Day 3 highlights

From Research to Practice: The Journey of GI ACE

On the last day of the conference, participants took part in a number of cross-cutting panel sessions, including looking at the role of A.C.E (Anti-Corruption Evidence) research programmes such as GI ACE. The day featured primarily roundtable discussions on the evolution of the anti-corruption landscape and the future of anti-corruption scholarship and programming overall.

Synthesis of Cross Cutting Insights

Moderator: Paul M. Heywood

In this video, Paul Heywood, Professor at University of Nottingham and Research Director of the GI ACE programme shared lessons gleaned from all three of the A.C.E. strands of research: GI ACE (Governance & Integrity), SOAS-ACE (SOAS University of London) and SOC-ACE (Serious Organised Crime at the University of Birminngham).

The synthesis of all programme strands falls into three broad categories. Anti-corruption research must more effectively:

  • challenge the status quo of “top-down” technocratic reform measures by being more problem-focused, specific, and looking at the function corruption plays within a given context
  • understand the interrelation and interdependencies of the relationships at play, proposing reforms that are right-sized and right-timed.
  • take into account the unintended consequences of anti-corruption reforms in order to ensure their sustainability.

Other speakers include:

Heather Marquette (SOC-ACE), Mushtaq Khan (SOAS-ACE), Pallavi Roy (SOAS-ACE), Sarah Lister, (UNDP), Roberto Kukutschka (Transparency International – Secretariat), John Heathershaw (University of Exeter), Gilbert Sendugwa (Africa Freedom of Information Center).

Looking Ahead: What’s Next for ACE? Reflections Across All ACE Programme Strands

Moderator: Pallavi Roy

In this video, Pallavi Roy, Research Director of the SOAS-ACE programme, engaged conference participants with questions around the future of anti-corruption research programming and the importance of evidence-based approaches to tackling corruption. Sharing insights from SOAS-ACE, Pallavi spoke on the importance of building policies that enhance peer-to-peer checks within private sector corruption to more effectively shift power dynamics.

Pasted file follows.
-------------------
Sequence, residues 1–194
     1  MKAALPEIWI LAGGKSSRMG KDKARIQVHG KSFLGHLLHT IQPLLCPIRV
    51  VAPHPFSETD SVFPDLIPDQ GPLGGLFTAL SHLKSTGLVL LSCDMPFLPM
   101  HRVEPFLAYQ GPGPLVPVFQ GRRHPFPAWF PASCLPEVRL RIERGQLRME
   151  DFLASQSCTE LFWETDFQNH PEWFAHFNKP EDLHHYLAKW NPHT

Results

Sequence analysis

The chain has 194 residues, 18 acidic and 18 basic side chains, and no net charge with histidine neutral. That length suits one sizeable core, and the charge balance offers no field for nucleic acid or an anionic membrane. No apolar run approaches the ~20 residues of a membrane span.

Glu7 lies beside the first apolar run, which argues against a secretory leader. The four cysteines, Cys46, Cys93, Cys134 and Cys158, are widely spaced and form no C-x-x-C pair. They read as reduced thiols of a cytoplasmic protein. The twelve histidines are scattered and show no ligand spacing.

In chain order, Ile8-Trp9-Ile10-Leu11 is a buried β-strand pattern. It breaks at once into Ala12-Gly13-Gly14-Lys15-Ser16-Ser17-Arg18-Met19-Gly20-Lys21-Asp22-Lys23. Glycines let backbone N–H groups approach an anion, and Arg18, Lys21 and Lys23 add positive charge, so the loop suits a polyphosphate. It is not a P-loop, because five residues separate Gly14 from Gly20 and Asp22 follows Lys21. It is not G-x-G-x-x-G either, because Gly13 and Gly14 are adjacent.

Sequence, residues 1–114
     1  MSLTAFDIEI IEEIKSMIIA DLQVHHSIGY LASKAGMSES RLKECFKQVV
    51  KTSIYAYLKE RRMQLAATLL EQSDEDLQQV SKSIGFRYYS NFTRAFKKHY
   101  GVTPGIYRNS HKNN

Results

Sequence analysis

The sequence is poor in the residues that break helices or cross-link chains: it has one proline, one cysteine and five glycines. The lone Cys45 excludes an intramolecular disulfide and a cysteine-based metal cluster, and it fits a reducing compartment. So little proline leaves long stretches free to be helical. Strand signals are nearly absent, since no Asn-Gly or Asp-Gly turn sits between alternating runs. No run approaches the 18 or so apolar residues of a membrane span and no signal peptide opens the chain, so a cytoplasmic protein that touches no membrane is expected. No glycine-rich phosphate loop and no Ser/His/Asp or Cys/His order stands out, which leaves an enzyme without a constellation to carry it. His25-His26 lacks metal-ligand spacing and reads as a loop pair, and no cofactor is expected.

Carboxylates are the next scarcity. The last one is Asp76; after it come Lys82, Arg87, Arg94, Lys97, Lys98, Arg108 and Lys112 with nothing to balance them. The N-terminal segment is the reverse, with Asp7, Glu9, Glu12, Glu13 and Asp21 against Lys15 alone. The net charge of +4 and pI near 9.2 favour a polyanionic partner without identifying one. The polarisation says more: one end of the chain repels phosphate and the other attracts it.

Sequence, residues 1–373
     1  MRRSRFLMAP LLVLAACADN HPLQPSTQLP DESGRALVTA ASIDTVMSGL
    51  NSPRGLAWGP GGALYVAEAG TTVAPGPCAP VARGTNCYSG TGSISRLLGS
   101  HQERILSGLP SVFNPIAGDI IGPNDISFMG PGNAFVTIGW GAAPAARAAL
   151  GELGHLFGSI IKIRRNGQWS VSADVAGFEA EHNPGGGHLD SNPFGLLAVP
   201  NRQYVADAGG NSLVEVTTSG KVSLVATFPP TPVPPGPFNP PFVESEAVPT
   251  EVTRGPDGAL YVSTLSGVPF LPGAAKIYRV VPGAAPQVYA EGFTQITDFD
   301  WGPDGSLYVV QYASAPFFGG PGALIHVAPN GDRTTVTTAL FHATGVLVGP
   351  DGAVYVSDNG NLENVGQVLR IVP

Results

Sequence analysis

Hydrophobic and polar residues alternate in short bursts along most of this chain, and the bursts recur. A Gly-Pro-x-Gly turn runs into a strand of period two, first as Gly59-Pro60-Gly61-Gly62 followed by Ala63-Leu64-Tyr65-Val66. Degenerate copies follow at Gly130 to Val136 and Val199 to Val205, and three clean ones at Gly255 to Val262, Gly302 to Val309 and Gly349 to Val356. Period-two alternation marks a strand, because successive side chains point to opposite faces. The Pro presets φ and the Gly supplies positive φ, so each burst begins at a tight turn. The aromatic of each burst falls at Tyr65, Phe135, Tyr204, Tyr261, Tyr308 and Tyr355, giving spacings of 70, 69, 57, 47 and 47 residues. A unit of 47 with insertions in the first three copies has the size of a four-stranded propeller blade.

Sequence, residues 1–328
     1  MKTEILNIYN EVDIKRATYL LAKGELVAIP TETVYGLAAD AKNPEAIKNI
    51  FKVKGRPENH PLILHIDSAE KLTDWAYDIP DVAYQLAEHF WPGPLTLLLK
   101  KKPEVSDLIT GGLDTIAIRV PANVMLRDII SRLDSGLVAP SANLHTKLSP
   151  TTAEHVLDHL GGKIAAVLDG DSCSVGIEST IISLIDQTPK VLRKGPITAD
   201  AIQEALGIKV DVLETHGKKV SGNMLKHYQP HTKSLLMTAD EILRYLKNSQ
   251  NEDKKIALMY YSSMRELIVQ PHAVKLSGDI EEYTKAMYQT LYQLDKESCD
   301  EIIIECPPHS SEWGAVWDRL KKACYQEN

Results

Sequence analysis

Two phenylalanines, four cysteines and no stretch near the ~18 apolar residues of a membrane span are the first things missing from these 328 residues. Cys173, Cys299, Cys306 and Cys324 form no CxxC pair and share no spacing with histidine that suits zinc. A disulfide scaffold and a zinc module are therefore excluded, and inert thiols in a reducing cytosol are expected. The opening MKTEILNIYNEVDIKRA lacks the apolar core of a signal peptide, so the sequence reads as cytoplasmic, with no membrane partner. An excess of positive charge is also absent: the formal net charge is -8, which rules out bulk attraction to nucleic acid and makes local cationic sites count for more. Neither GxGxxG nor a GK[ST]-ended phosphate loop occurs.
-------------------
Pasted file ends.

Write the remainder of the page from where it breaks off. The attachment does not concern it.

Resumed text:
SOAS seeks to tackle:

  • Who is going to comply with the rules?
  • Who is enforcing the enforcer?
  • How do we ensure rules are complied with?
  • How do we ensure rules aren’t being distorted?

Other speakers include Gerhard Anders (University of Edinburgh), Mushtaq Khan (SOAS-ACE), Rosa Da Costa (Independent Researcher), Olanrewaju Suraju (HEDA), Tena Prelec (University of Oxford), Cormac Bryce (Cass School of Business.

Looking Ahead: What’s Next for ACE? Future Directions for Anti-Corruption Research

Moderator: Heather Marquette

In this video, Heather Marquette, Research Director of SOC-ACE at the University of Birmingham moderated a roundtable discussion among conference participants, focusing largely on how to ensure anti-corruption academics are able to make their research and evidence accessible stakeholders as wide ranging as policymakers in Whitehall, UK to transparency activists in Uganda.

  • What kind of language are we using to make research accessible?
  • How do we know we are asking the right questions? How do we target the right audience?
  • How can academics make themselves available as technical experts to inform the strategic decision making of policymakers?

Other speakers include Katja Bechtel (World Economic Forum), Rosa Da Costa (Independent Researcher), Claudia Baez Camargo (Basel Institute of Governance), John Heathershaw (University of Exeter), Richard Samabiga (University of Dar es Salaam).